Writer Christopher Robbins dies at 66

Author penned non-fiction works such as 'Air America' and 'The Empress of Ireland'

Christopher Robbins, the Blighty scribe and journo who penned “Air America” and other pieces of non-fiction, died of pancreatic cancer on Dec. 24. He was 66.

A native of Bristol, Robbins honed his craft as a student writing jazz criticism for the Telegraph. More formal training came on The Stroud News and Journal, after which he freelanced for various papers and magazines Stateside and in Europe.

Investigative articles for the Observer magazine on CIA assassination plots gave way to his first opus, “Assassin,” after which he wrote two books about Vietnam, “Air America” and “The Ravens.” Former turned into a Mel Gibson-starrer, with Robbins penning the script.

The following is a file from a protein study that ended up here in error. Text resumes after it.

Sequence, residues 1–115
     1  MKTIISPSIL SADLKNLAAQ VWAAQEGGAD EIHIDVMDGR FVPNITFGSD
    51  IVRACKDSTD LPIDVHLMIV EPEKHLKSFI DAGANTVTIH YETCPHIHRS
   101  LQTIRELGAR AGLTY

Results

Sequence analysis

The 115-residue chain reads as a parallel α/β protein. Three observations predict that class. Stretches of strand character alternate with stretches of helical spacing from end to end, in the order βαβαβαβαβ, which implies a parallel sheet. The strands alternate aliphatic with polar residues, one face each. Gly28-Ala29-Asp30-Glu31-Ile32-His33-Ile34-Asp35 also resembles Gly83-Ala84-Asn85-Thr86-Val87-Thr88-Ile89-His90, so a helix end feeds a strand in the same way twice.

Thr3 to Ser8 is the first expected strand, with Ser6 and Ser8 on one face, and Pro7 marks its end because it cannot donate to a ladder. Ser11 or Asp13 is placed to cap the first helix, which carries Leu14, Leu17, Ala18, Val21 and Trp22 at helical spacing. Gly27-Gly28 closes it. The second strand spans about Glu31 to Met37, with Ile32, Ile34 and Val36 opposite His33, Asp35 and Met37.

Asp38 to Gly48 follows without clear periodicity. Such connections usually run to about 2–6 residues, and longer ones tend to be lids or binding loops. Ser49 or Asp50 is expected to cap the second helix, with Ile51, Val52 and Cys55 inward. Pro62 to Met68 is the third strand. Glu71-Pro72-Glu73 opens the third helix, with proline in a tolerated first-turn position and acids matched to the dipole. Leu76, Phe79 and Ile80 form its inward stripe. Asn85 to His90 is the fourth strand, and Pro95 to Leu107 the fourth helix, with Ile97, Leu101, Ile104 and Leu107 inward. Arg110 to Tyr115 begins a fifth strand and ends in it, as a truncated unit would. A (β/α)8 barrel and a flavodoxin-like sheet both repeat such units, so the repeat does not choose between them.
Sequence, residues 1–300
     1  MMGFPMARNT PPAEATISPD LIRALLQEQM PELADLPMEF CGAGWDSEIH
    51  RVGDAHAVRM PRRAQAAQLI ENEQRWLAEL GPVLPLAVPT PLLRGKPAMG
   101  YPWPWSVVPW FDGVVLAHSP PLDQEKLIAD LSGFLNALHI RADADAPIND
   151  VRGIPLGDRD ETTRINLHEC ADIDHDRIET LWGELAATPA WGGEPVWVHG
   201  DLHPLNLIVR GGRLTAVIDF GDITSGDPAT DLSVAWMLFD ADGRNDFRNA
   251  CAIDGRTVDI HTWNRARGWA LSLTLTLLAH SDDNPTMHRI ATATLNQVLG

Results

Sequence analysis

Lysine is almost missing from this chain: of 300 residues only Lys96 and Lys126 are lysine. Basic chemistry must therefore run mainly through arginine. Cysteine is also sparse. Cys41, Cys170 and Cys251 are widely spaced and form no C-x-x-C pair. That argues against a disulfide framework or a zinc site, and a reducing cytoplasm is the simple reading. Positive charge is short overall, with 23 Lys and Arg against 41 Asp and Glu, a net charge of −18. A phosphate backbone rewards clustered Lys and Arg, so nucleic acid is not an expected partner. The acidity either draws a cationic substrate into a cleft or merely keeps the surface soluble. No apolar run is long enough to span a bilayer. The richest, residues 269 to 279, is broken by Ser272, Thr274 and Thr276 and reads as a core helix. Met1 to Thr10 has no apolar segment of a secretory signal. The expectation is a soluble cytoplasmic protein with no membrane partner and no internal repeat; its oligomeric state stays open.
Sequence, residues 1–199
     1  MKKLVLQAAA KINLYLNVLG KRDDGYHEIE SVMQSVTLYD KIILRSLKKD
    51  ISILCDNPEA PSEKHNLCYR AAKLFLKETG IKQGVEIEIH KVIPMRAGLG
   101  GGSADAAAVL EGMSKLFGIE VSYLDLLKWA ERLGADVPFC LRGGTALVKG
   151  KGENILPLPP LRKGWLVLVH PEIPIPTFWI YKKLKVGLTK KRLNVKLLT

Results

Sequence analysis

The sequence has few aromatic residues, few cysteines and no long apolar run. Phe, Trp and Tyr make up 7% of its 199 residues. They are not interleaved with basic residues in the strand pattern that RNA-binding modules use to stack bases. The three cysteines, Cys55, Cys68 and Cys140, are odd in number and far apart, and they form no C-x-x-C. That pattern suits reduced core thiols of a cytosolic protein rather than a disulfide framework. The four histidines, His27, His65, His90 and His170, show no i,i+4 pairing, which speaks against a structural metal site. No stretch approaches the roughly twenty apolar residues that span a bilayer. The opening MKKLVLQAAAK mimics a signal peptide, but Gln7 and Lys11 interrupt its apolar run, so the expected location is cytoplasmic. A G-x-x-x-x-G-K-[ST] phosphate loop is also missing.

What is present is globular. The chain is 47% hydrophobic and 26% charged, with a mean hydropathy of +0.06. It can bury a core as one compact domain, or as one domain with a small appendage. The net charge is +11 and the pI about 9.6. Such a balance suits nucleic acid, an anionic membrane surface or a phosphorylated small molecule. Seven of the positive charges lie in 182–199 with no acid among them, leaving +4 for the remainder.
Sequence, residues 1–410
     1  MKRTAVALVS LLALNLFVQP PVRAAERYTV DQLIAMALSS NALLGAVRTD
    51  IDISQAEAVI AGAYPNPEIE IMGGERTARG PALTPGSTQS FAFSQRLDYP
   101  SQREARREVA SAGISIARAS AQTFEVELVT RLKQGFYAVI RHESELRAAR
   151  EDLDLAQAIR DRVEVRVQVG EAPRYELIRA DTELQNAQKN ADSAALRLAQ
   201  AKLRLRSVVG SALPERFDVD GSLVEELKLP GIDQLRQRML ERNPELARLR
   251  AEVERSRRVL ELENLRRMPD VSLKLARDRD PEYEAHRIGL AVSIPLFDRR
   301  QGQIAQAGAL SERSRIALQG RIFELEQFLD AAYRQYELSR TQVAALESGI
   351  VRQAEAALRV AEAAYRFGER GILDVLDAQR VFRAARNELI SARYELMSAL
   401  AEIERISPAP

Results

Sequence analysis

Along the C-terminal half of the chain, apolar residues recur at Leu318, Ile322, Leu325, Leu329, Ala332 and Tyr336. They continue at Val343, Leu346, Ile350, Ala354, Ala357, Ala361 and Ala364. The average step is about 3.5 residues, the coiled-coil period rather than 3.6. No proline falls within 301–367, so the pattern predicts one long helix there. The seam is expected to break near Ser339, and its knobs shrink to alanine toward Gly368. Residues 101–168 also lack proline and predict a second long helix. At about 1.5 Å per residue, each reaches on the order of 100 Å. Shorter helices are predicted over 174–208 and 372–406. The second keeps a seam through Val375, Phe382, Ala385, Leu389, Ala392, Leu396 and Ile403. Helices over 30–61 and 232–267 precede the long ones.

Other tomes include “A Test of Courage,” a bio on WWII survivor and language teacher Michel Thomas, and “The Empress of Ireland: A Chronicle of an Unusual Friendship,” a memoir that won the Saga Prize for wit.

Robbins also wrote about former Soviet satellites such as Kazakhstan, Kyrgyztan and Azerbaijan, publishing “In Search of Kazakhstan: The Land That Disappeared” in 2007.

He is survived by his wife, scribe-helmer, Mary Agnes Donoghue.

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